Why it’s a Bad Idea to Buy What Warren Buffett Buys

Why might investors fail by following Warren Buffett in his recent purchase of Phillips 66 (NYSE:PSX) shares or any of his moves for that matter?

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Warren Buffett owns many great companies that have great management. His top holdings include Wells Fargo & Co (NYSE:WFC), The Coca-Cola Co (NYSE:KO), and American Express Company (NYSE:AXP). However, investors shouldn’t just buy what other investors buy, even when they’re legendary investors–including Mr. Buffett.

Different portfolio

Buffett likes partnering with businesses for the long term, but even if that’s a strong belief of yours, you shouldn’t necessarily buy Wells Fargo when Buffett does.

What if you already own another diversified U.S. bank and you really shouldn’t add more because U.S. banks already make up 10% of your portfolio? Are you going to switch to Wells Fargo just because Buffett buys it tomorrow?

Buffett’s portfolio allocation is different from everyone else’s on the planet. To replicate his success or get the kind of returns he’s getting, the best way would be to invest in Berkshire Hathaway Inc. (NYSE:BRK.A)(NYSE:BRK.B).

Even though you don’t get a dividend, you’re likely to get above-average, long-term returns because Buffett is better at allocating capital than we are. But investors shouldn’t overpay for Berkshire. When its price-to-book is 1.3 or less, investors can consider it for the long term. It is 1.36 times its book value at about US$142 per share.

Different goals

Buffett also loves dividends. You might also like dividends, but you should be willing to expand your stock investment universe. For example, Facebook Inc. (NASDAQ:FB) pays no dividend, but it should experience higher growth than dividend stocks.

Recently, Buffett bought more Phillips 66 (NYSE:PSX) shares. It only yielded 3% at $75 in the recent dip. What if you were a retiree and needed a minimum yield of 4% on all your investments?

Valuation

Out of Buffett’s top holdings mentioned earlier, Coca-Cola is probably too expensive to buy at present levels. It’s trading at over 23 times its earnings. Wells Fargo and American Express are at more reasonable valuations with price-to-earnings ratios of 11.5 and 11.2, respectively.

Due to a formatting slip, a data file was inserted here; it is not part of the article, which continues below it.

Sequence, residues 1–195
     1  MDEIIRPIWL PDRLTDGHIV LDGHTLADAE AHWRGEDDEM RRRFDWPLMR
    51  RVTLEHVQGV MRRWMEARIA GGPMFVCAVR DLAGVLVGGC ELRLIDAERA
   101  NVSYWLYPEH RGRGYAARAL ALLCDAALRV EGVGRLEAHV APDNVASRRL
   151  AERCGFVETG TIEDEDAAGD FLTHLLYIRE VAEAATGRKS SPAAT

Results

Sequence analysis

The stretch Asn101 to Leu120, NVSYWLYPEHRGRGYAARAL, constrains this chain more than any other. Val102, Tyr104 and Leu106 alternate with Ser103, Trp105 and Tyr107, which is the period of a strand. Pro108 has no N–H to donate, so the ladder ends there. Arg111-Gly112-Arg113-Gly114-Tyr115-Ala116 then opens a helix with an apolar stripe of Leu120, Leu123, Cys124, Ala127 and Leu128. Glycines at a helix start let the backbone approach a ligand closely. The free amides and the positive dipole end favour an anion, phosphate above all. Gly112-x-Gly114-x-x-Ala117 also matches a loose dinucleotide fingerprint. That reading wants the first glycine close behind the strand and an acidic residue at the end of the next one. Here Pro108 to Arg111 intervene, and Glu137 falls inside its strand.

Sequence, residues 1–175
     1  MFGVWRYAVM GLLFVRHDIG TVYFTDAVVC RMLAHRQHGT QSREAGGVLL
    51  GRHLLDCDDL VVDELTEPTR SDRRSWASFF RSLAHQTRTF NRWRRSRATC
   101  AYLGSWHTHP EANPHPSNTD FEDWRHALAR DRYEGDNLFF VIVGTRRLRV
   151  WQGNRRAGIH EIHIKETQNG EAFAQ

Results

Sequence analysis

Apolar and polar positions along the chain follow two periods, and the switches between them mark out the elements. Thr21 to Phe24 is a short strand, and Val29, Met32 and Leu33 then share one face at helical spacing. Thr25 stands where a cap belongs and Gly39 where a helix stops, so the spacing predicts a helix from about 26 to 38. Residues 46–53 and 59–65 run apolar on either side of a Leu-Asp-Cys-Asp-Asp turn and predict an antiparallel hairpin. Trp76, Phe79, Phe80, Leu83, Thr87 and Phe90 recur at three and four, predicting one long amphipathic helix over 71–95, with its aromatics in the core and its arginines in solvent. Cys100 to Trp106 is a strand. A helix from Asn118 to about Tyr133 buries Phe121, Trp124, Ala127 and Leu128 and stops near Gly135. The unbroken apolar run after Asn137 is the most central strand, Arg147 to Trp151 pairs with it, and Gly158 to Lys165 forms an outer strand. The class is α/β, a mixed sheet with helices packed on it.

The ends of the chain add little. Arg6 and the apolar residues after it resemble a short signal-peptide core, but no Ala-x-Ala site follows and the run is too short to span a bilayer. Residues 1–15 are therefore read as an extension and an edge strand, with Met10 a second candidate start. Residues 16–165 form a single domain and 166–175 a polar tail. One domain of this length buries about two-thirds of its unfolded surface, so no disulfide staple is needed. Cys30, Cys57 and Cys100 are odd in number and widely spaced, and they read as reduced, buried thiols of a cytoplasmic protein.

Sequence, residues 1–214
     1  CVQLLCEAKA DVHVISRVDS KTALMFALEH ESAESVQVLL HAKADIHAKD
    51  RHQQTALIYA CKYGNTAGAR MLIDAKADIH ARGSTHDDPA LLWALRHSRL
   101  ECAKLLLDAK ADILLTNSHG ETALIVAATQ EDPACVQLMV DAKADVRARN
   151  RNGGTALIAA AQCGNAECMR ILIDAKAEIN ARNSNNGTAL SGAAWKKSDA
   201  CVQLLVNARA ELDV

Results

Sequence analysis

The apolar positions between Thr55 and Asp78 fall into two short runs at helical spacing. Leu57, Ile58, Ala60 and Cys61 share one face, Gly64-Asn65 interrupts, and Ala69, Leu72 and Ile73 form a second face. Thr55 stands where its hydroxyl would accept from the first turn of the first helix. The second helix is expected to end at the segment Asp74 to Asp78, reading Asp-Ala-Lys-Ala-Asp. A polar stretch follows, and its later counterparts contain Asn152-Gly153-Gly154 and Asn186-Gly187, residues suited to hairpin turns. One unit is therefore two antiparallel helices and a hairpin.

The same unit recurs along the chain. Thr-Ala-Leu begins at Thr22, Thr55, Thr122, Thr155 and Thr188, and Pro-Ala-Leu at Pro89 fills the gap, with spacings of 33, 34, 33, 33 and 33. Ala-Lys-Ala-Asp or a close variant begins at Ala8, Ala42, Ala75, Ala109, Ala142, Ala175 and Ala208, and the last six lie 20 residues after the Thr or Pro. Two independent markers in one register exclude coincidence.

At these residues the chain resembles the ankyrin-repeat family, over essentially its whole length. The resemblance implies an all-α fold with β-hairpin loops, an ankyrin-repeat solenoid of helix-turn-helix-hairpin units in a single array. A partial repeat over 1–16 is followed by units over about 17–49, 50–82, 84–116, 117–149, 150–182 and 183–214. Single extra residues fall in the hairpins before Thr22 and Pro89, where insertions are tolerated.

What if you replicate Buffett’s every move?

You may rationalize that Buffett is a value investor, so whatever he buys is cheap. So, by following Buffett’s every move, you should also make money. However, investors don’t have Buffett’s knowledge and experience.

Are you certain that you’re able to follow his moves and hold on to these assets even when they fall 50% in price? Even the best of the best investors can make mistakes–it’s just not possible to pick winners 100% of the time.

Conclusion

Investors should focus on their own portfolio goals and aim for satisfactory returns with acceptable risks. You define what your goals are, the satisfactory rate of return, and the kind of risks you are willing to take.

It’s all right (in fact, it’s encouraged) to observe and even study legendary investors’ investment strategies and what they hold in their portfolios. From their holdings, you can decide if you want to own those businesses as well.

If yes, add them to your watch list, determine their fair values, and set target yields or prices based on the margin of safety that make you comfortable to become a part owner.

This article represents the opinion of the writer, who may disagree with the “official” recommendation position of a Motley Fool premium service or advisor. We’re Motley! Questioning an investing thesis — even one of our own — helps us all think critically about investing and make decisions that help us become smarter, happier, and richer, so we sometimes publish articles that may not be in line with recommendations, rankings or other content.

Fool contributor Kay Ng owns shares of Coca-Cola and Facebook. David Gardner owns shares of Facebook. Tom Gardner owns shares of Facebook. The Motley Fool owns shares of Berkshire Hathaway, Facebook, and Wells Fargo and has the following options: short May 2016 $52 puts on Wells Fargo.

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